posted by fuzzysoft at 9:47 PM on December 5, 2011 [1 favorite]


- How long were you friends together before moved in? When conflict arose, what did you do to resolve it?

We had met the first day of college, and moved in together 9 months after graduation (he was a semester behind me at that point).

- How much/how well did you know your friend before you moved in? What was the biggest surprise after you started living together?

We had lived in the same dormitory for several years and I had been a spectator to a long and intense episode of his depression; he had seen me deal with a (relatively minor and transient) drinking problem. We each knew all about the other's worst side.

- How long did you guys live together?

Six months.

- What were the reasons that you separated ways in the end?

I moved to New York.

- Any other insights you'd like to add.

I think that one of the reasons our living situation worked out so well (and it would have worked well much longer than that) was that we were well beyond being just friends who hung out. We had each witnessed major crises in one another's lives, and had proven ourselves to each other time and time again. Our parents both thought it was a great idea (and given that I thought my religious Southern parents would have never approved of me living with a man, that's saying something).

He's still one of my closest friends in the world.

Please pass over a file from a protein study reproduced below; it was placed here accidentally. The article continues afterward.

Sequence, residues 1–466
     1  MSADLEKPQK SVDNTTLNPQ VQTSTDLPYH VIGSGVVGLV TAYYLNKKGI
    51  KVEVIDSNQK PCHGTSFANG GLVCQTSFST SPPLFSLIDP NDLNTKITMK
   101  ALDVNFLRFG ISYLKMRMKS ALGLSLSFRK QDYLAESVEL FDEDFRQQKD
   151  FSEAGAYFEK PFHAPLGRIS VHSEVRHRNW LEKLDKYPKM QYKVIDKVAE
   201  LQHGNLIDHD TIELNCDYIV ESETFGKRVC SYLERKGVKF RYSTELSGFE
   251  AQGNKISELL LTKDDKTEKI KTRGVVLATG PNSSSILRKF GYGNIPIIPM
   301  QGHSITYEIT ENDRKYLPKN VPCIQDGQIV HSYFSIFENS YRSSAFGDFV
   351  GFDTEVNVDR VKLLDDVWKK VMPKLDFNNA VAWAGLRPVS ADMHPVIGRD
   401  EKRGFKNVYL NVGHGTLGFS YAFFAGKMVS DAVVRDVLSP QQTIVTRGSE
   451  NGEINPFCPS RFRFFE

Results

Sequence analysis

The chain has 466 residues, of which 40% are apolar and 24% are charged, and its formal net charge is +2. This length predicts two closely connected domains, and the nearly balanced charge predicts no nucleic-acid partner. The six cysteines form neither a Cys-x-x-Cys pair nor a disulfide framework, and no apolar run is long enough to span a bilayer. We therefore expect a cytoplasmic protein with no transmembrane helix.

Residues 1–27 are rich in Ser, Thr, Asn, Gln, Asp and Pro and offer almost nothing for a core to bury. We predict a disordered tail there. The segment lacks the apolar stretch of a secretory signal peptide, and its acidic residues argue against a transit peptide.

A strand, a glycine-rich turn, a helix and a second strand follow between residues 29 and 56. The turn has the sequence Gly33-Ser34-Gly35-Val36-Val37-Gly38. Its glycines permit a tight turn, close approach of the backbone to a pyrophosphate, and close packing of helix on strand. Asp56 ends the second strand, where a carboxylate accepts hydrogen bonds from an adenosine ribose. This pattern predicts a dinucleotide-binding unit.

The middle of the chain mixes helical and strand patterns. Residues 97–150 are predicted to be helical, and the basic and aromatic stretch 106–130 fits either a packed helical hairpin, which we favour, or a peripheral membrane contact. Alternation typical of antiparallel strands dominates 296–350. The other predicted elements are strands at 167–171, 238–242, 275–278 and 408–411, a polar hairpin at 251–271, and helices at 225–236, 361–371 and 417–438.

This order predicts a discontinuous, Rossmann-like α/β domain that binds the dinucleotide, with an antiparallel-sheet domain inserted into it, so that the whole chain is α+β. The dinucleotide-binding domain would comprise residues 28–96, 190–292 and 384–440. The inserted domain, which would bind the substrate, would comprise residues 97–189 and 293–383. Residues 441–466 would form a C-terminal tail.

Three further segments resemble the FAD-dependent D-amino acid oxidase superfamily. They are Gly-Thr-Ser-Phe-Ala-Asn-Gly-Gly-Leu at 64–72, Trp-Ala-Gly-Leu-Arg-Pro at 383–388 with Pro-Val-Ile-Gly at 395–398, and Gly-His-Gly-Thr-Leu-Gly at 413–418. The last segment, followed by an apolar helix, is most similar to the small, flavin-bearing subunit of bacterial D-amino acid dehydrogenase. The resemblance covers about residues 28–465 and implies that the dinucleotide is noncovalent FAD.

posted by ocherdraco at 10:11 PM on December 5, 2011


room mate first, best friend second.

In other words, assume nothing. Do and contribute more than your share of everything. If you start to get a bad taste in your mouth, move out.
posted by philip-random at 10:16 PM on December 5, 2011 [1 favorite]


Lots of questions! I'm currently living with one of my best friends from highschool; we're both seniors in college right now. I think that helped a bit, actually. We both have 2 or 3 years of living with other people under our belts, so we know to give each other space and such.

Honestly, there isn't much we do to specifically make living together work. We hang out fairly often, cook together occasionally, it seems to work.
Personality-wise, we're both really laid back people, so I guess that might have something to do with our success as housemates as well.
Neither of us is at all passive-aggressive. That definitely helps when conflicts come up. We just go right up to the other and say what the problem is, and then work on fixing the problem. I guess that might not work with a lot of people, but it gets us by.